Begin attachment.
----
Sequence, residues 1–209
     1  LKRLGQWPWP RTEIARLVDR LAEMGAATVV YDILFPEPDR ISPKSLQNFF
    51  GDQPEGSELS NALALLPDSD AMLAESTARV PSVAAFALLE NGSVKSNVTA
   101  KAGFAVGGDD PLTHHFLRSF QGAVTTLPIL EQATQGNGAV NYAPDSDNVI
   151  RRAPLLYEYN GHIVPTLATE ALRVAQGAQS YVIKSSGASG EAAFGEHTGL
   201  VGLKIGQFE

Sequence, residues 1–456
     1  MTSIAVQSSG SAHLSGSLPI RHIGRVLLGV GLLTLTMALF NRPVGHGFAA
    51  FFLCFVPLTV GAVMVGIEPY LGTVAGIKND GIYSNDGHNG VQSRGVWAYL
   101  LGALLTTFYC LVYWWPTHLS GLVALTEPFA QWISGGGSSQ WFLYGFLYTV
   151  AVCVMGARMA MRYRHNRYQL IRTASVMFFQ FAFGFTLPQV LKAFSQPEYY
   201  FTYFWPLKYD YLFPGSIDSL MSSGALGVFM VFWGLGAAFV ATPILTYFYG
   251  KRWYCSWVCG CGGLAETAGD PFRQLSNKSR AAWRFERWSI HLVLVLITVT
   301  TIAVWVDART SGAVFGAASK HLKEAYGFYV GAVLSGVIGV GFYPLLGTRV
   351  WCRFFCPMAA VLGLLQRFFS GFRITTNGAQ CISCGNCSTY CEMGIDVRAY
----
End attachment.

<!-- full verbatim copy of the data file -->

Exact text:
Sequence, residues 1–209
     1  LKRLGQWPWP RTEIARLVDR LAEMGAATVV YDILFPEPDR ISPKSLQNFF
    51  GDQPEGSELS NALALLPDSD AMLAESTARV PSVAAFALLE NGSVKSNVTA
   101  KAGFAVGGDD PLTHHFLRSF QGAVTTLPIL EQATQGNGAV NYAPDSDNVI
   151  RRAPLLYEYN GHIVPTLATE ALRVAQGAQS YVIKSSGASG EAAFGEHTGL
   201  VGLKIGQFE

Sequence, residues 1–456
     1  MTSIAVQSSG SAHLSGSLPI RHIGRVLLGV GLLTLTMALF NRPVGHGFAA
    51  FFLCFVPLTV GAVMVGIEPY LGTVAGIKND GIYSNDGHNG VQSRGVWAYL
   101  LGALLTTFYC LVYWWPTHLS GLVALTEPFA QWISGGGSSQ WFLYGFLYTV
   151  AVCVMGARMA MRYRHNRYQL IRTASVMFFQ FAFGFTLPQV LKAFSQPEYY
   201  FTYFWPLKYD YLFPGSIDSL MSSGALGVFM VFWGLGAAFV ATPILTYFYG
   251  KRWYCSWVCG CGGLAETAGD PFRQLSNKSR AAWRFERWSI HLVLVLITVT
   301  TIAVWVDART SGAVFGAASK HLKEAYGFYV GAVLSGVIGV GFYPLLGTRV
   351  WCRFFCPMAA VLGLLQRFFS GFRITTNGAQ CISCGNCSTY CEMGIDVRAY